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Posted: May 15, 2012

The rise of the super professor

The walls of the ivory tower are coming down

Thomas Frey

For colleges and universities, the great age of experimentation is now upon us.

Last week, Harvard and MIT announced a new nonprofit partnership, known as edX, to offer free online courses from both universities.

The Minerva Project recently announced it will become the first elite American University to be launched in over a century, at the same time, transforming every aspect of the university-student relationship. The Ronin Institute is promising to reinvent academia, but without the academy.

The University of the People (UoPeople) is the world’s first tuition-free online university dedicated to the global advancement and democratization of higher education.

In addition, iTunesU, Khan Academy, Learnable, Udemy, Codecademy, Udacity, and a number of other online courseware providers are offering their own approach to next generation learning.

But somewhere, lost in the middle of this battle of the institutions, are the lowly professors upon whom these organizations were built.

That is about to change, and here’s why.

The Great Disconnect

As the student loan bubble nudges ever closer to a financial implosion, and the flow of information on the Internet disrupts every traditional delivery mechanism, a number of questions begin to surface.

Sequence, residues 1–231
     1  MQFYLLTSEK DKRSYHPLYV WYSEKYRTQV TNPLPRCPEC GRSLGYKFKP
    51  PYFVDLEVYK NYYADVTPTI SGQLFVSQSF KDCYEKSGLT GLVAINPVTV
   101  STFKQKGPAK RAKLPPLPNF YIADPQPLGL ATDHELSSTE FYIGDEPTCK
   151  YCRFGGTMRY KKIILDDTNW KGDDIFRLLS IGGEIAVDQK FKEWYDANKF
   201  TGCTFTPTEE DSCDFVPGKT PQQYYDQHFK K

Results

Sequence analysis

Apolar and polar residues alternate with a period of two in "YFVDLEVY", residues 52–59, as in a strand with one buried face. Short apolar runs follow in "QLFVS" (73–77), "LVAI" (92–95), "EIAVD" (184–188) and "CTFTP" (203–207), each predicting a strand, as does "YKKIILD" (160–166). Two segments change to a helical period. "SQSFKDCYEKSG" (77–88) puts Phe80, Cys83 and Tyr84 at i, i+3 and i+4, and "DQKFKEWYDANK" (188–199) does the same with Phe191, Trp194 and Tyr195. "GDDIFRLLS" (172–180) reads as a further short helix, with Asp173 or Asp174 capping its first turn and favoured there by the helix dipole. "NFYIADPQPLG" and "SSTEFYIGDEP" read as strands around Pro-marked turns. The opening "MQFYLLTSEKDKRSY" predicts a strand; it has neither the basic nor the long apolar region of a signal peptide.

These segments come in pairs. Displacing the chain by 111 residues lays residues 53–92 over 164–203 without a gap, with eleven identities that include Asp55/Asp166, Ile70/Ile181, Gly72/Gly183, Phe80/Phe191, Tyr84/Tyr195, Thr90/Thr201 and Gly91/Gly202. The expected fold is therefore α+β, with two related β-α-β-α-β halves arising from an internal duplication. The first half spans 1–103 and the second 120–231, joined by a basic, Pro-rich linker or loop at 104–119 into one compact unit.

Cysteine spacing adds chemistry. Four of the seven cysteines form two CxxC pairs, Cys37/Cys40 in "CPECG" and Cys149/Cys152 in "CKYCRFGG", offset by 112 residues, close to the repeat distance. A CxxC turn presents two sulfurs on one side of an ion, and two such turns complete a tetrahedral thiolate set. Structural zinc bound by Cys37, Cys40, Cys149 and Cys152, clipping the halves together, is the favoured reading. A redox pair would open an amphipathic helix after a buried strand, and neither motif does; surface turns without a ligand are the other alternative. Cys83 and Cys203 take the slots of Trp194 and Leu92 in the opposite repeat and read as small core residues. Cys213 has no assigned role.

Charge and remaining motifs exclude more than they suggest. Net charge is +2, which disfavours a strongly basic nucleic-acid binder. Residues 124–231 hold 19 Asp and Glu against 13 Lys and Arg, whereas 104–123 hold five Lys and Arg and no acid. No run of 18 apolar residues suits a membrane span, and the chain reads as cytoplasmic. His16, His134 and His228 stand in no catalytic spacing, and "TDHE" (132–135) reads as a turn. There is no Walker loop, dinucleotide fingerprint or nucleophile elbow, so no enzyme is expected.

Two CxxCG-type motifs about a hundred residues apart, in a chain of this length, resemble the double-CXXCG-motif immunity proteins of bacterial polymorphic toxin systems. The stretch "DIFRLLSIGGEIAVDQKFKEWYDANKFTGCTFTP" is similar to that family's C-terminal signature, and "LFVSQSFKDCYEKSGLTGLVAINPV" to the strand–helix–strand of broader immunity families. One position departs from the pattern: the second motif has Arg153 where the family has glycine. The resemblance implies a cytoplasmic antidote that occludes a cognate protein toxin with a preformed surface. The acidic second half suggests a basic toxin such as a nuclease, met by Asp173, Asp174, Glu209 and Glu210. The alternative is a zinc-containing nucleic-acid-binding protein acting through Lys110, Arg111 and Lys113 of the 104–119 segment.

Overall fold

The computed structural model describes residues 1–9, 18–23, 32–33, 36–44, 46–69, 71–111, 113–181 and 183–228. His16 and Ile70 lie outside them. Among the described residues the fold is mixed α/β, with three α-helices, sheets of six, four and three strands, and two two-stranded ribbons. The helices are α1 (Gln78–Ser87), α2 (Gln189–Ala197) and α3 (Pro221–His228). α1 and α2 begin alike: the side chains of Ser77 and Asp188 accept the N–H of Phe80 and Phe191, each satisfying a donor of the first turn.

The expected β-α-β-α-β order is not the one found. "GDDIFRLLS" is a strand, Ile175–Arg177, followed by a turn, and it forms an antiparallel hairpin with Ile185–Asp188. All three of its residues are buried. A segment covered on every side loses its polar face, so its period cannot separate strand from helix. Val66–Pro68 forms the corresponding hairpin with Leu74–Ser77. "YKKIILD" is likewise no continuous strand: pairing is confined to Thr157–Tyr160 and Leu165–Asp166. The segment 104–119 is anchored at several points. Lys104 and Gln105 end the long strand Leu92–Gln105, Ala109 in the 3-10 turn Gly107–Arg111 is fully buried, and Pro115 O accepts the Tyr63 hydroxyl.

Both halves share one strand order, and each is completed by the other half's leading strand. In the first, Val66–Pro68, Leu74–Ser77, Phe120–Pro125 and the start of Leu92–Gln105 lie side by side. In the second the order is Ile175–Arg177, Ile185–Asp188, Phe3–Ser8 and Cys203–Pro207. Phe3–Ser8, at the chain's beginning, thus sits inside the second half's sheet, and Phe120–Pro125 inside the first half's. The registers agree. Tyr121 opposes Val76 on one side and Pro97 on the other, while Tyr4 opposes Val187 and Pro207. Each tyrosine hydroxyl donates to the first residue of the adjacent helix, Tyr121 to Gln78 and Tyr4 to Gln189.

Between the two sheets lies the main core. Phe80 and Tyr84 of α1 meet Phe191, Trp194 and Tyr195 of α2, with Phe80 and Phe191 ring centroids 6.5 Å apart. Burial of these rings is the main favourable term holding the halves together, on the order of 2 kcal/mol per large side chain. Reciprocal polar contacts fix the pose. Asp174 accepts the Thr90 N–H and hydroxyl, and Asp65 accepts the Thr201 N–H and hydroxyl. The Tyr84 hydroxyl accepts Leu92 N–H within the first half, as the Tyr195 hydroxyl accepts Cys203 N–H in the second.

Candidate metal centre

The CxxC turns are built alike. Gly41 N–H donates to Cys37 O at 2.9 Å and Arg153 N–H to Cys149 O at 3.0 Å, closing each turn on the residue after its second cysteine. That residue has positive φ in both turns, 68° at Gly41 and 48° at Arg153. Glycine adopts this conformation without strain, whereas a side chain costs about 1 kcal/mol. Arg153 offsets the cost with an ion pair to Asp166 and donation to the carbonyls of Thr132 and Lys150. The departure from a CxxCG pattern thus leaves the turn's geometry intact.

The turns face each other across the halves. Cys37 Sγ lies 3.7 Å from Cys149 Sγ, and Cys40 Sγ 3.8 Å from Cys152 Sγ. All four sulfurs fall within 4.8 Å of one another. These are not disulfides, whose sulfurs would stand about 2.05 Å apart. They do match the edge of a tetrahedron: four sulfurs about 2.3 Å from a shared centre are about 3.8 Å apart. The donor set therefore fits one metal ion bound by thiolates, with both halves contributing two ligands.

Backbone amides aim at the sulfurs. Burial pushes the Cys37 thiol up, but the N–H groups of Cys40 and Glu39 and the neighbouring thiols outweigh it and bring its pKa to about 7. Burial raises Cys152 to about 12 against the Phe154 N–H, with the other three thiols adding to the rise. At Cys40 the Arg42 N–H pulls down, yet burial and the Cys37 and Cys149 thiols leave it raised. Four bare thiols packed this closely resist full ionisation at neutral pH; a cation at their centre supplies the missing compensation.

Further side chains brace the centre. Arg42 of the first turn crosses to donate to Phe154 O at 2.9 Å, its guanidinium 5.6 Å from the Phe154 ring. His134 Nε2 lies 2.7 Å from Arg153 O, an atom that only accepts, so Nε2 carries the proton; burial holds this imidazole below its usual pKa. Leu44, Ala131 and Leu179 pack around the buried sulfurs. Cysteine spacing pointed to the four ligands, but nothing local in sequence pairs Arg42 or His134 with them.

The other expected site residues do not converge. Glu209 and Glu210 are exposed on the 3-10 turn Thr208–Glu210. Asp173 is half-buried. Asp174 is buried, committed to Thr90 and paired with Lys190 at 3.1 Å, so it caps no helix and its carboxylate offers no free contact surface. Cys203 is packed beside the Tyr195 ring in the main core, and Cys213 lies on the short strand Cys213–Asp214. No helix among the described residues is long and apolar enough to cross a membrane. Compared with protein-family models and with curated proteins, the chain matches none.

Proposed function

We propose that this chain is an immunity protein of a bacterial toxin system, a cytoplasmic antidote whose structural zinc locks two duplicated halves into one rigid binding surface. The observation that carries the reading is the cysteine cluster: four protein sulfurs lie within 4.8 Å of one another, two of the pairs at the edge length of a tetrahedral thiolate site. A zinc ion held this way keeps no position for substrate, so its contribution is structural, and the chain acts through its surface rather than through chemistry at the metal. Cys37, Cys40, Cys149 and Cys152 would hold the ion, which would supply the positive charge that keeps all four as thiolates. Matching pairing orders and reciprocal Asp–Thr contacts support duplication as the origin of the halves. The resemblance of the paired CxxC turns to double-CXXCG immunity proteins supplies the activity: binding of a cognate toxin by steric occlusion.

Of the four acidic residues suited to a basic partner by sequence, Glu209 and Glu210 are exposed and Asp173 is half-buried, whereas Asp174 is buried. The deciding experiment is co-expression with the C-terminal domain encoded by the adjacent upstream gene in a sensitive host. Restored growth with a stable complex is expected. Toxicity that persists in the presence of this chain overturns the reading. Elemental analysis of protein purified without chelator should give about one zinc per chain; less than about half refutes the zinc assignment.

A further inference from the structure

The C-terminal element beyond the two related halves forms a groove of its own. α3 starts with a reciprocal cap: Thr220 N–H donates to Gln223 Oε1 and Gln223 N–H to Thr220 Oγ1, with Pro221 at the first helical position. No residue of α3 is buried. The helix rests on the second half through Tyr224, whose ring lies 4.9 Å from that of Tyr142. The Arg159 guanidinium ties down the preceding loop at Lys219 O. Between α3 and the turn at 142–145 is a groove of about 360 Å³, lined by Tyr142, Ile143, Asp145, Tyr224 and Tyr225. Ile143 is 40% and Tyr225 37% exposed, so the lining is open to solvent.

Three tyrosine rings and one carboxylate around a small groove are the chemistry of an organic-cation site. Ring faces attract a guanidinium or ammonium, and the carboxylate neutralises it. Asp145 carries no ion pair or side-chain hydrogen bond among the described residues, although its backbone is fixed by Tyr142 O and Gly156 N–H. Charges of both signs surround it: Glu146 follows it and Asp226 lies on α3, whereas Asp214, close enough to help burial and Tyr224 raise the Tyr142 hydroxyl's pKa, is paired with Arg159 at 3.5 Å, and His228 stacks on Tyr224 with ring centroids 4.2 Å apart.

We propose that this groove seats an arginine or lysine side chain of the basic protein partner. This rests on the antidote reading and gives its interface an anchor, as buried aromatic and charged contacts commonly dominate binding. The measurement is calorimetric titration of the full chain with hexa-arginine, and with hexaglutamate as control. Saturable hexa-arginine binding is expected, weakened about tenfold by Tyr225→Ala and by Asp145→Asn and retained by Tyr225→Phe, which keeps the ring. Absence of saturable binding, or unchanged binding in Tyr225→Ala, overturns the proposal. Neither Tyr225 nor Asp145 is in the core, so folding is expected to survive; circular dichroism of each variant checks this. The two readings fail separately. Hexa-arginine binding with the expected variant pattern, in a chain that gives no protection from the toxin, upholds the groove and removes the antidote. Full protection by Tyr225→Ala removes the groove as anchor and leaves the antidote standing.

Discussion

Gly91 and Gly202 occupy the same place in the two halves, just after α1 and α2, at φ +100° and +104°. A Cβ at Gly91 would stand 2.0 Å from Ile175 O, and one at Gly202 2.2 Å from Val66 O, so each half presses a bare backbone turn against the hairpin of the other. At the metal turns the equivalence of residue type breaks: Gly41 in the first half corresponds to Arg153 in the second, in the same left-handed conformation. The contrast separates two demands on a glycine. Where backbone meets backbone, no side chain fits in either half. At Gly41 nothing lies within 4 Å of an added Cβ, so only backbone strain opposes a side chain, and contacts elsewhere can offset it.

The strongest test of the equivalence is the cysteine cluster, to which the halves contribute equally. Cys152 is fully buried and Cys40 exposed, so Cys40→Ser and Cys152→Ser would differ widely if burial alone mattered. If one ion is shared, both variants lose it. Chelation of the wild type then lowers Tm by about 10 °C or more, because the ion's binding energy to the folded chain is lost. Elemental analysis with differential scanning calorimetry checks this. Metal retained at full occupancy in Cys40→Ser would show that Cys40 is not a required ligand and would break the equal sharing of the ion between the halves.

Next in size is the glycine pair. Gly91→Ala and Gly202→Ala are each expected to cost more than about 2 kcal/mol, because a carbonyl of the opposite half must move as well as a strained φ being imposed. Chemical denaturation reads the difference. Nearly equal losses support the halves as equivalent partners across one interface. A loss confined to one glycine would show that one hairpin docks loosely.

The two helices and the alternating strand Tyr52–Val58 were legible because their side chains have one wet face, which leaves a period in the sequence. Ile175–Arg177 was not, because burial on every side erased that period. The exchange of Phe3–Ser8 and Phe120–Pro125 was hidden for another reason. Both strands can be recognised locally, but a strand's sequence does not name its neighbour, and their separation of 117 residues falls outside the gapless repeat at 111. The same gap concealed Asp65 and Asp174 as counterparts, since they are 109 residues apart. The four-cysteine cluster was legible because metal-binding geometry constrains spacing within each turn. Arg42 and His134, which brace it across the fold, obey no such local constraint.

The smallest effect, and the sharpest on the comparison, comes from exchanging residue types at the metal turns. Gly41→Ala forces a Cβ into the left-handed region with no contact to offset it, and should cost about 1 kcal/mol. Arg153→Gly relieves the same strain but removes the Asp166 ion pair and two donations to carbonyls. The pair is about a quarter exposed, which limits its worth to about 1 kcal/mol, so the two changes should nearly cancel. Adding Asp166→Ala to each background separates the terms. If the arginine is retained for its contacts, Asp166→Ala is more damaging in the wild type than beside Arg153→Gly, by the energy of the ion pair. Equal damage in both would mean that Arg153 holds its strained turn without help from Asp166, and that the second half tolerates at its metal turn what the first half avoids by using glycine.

Will online learning diminish the face-to-face community that is the heart of the college experience? Will it elevate functional courses in business and marginalize subjects that are harder to digest in an online format, like philosophy? Will fast online browsing replace deep thinking?

Colleges and Universities carry with them considerable inertia. They have long-standing traditions, huge alumni networks, solid brands in the minds of consumers, and are more durable than corporations. Many have lasted centuries and are still going strong. Most have integrated themselves into their respective communities with multiple funding tentacles, often benefiting from massive State-funded budgets and intense fundraising operations that extend around the world.

People attend colleges for many reasons including a desire for a better job, a sense of personal accomplishment, to improve their resume, status and prestige, build relationships, and to have fun. However, all of these reasons boil down to one overarching motivation – the quest for a better life.

Over the years colleges have evolved from a simple place of learning into a vast array of potentials. In the end, classrooms and teachers are only a tiny portion the collegiate experience.

Touch points for the college experience include dorm life, textbooks, credits, sports, friends, parties, social circles, fraternities, sororities, libraries, computers, clubs, campus events, research, writing papers, classrooms, teachers, beer, advisors, labs, job interviews, and much more.

Ironically though, most of these touch points have been relegated to “all that crap that happens outside the classroom.” College friends, parties, social events, and all the other “stuff” provides many more of the ingredients for college being a life changing experience than all those fact-cramming lectures could ever hope to achieve.

Yet credits are only given for completed courses.

Typically, young people begin the process at age of 18 and exit between the ages of 22-24. As they leave, they are not only better educated, but also more mature, with a new circle of friends, and a cadre of stories that will frame their thinking for the rest of their lives.